In a world seemingly consumed with perpetual crises, the good stuff often gets overlooked. Positive economic news is swept away in a tide of anxiety about the future. Are robots coming to take our jobs? Will a nationalist frenzy usher in a Brexit and fracture the EU? Is China heading for a hard landing that will devastate us all?
Well, except for the robots. That’s definitely happening.
In the middle of all the hand-wringing prognostications of impending doom, let us pause for a moment or two to reflect on the good, on the economic successes around the world and the countries achieving them.
On the following pages, Site Selection magazine salutes the best countries for business in each region of the world, and the Top Investment Promotion Agencies serving the people of those countries. (The US and Canada are excluded, and addressed in separately published rankings.)
The eighth annual Global Best to Invest Awards are based in part on capital investment into facilities in each country, (total projects and per capita projects), as compiled by the Conway Projects Database. Qualifying projects are corporate investments that contribute to the well-being of the areas in which they are made by meeting at least one of the following three criteria:
The following five data sets are also used to compile these proprietary rankings:
By almost any measure 2015 was a banner year for corporate expansion and foreign direct investment. According to UNCTAD’s Global Investment Trends Monitor, global FDI flows jumped a whopping 36 percent in 2015, to 1.7 trillion US dollars.
That’s the second highest figure in history — and the highest since the 2008 global financial crisis. The US remains far and away the largest source of FDI in the world.
But the good news does come with some caveats. Last year’s surge in global FDI disproportionately benefited developed countries, who saw a 90-percent jump over 2014 levels. The rich do get richer.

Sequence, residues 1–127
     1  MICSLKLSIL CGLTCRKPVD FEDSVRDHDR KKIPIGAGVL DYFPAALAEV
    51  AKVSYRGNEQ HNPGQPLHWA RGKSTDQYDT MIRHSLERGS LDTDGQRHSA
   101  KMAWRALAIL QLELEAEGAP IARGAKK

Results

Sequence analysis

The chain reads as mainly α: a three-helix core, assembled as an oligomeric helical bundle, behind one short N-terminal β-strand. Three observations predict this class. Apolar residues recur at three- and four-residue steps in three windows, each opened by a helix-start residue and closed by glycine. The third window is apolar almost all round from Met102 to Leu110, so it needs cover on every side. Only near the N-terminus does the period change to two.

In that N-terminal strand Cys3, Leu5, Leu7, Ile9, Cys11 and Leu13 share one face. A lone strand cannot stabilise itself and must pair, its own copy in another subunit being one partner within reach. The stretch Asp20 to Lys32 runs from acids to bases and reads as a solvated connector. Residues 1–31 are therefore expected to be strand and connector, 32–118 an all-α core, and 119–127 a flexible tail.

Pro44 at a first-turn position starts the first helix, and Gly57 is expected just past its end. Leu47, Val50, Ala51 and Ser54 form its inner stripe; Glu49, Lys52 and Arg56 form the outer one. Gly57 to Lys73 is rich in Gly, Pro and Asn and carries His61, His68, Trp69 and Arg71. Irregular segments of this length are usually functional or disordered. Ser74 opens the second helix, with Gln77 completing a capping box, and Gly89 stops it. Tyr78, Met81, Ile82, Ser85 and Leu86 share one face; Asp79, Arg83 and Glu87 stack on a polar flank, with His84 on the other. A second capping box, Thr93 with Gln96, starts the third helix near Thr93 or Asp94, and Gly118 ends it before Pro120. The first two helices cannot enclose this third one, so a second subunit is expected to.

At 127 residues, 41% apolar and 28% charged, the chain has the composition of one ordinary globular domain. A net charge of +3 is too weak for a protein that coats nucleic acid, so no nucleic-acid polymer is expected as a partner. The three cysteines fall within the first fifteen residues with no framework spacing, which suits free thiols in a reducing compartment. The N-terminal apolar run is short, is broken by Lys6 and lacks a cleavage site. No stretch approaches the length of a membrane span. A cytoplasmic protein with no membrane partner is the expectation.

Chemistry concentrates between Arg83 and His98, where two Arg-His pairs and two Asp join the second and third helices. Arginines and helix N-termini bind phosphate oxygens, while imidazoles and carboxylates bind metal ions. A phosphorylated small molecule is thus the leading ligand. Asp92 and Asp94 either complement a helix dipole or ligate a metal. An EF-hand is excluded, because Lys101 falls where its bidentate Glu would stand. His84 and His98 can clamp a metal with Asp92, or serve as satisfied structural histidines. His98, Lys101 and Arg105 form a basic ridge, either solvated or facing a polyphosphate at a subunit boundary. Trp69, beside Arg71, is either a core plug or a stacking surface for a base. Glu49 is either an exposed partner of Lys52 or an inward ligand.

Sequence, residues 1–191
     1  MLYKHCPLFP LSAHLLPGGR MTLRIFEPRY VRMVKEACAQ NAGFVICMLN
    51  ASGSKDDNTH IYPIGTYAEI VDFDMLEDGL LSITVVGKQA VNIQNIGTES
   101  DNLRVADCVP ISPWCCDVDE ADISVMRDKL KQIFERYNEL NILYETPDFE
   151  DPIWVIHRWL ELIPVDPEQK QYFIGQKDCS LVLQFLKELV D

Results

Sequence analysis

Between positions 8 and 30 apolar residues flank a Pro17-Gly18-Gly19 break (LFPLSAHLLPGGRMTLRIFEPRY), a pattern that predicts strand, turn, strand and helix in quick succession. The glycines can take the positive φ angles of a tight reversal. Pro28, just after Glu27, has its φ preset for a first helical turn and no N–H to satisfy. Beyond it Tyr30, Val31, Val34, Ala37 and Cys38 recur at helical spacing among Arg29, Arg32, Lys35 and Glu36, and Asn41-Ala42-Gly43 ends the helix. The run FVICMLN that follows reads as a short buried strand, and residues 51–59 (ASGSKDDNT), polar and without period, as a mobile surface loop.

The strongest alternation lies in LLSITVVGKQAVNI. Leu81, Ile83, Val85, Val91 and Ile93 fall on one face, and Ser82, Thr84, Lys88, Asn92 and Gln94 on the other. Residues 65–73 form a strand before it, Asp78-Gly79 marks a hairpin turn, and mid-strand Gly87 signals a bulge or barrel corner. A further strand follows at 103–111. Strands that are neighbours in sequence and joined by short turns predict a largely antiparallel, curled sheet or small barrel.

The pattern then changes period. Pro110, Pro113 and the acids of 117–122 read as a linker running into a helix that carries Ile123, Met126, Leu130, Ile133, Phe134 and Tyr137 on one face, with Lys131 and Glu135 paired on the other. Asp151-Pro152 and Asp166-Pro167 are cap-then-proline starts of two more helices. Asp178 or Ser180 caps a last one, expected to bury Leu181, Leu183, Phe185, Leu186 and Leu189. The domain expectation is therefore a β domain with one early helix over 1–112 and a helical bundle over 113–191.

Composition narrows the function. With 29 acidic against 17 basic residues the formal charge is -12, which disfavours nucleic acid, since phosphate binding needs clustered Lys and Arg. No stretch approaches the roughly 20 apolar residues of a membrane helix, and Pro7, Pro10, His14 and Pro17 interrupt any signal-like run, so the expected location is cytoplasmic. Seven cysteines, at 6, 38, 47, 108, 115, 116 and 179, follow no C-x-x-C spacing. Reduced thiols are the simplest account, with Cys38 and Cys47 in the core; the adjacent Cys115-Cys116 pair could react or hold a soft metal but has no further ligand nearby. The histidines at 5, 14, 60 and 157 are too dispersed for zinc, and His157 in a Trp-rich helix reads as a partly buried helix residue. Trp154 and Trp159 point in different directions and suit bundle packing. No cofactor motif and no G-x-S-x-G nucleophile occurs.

FDI into the United States quadrupled, admittedly from an historically low level in 2014. FDI into developed countries accounted for 55 percent of the total in 2015.
Much of this has come in the form of cross-border mergers and acquisitions (M&A), with only a limited contribution from greenfield investment projects. And M&A projects, while representing large transfers of capital, often result in few positive benefits to the existing workforce, especially if the acquiring company consolidates operations. Worse, last year’s rate of global M&A, which propped up FDI figures dramatically, is almost certainly unsustainable, meaning this report may look far different next year.
On the plus side, according to the UNCTAD report, developing economies saw FDI inflows reach a record US$741 billion, an increase of 5 percent over 2014, and developing Asia attracted the largest percentage of FDI in the world. That’s the good news.
The bad? Africa, Latin America and the Caribbean saw big drops, with commodities exports dragging down entire economies. Projections say 2016 will be even worse, not just in the aforementioned regions, but globally.
The UNCTAD report included this dire warning: “Barring another wave of M&A deals and corporate reconfigurations, FDI flows are expected to decline in 2016, reflecting the fragility of the global economy, volatility of global financial markets, weak aggregate demand and a significant deceleration in some large emerging market economies.”
So while it is only prudent to look with great interest, and perhaps a little allowable anxiety, at global economic flows in the coming months, today Site Selection’s rankings focus on the good, on the many successes from a very successful year in global expansion. No amount of anxiety about tomorrow can obscure the positive successes we celebrate in this issue. We congratulate the countries that made the top 10 in each region, the companies whose growth made these successes possible, and the men and women and their families in each nation who directly benefit from all this economic activity.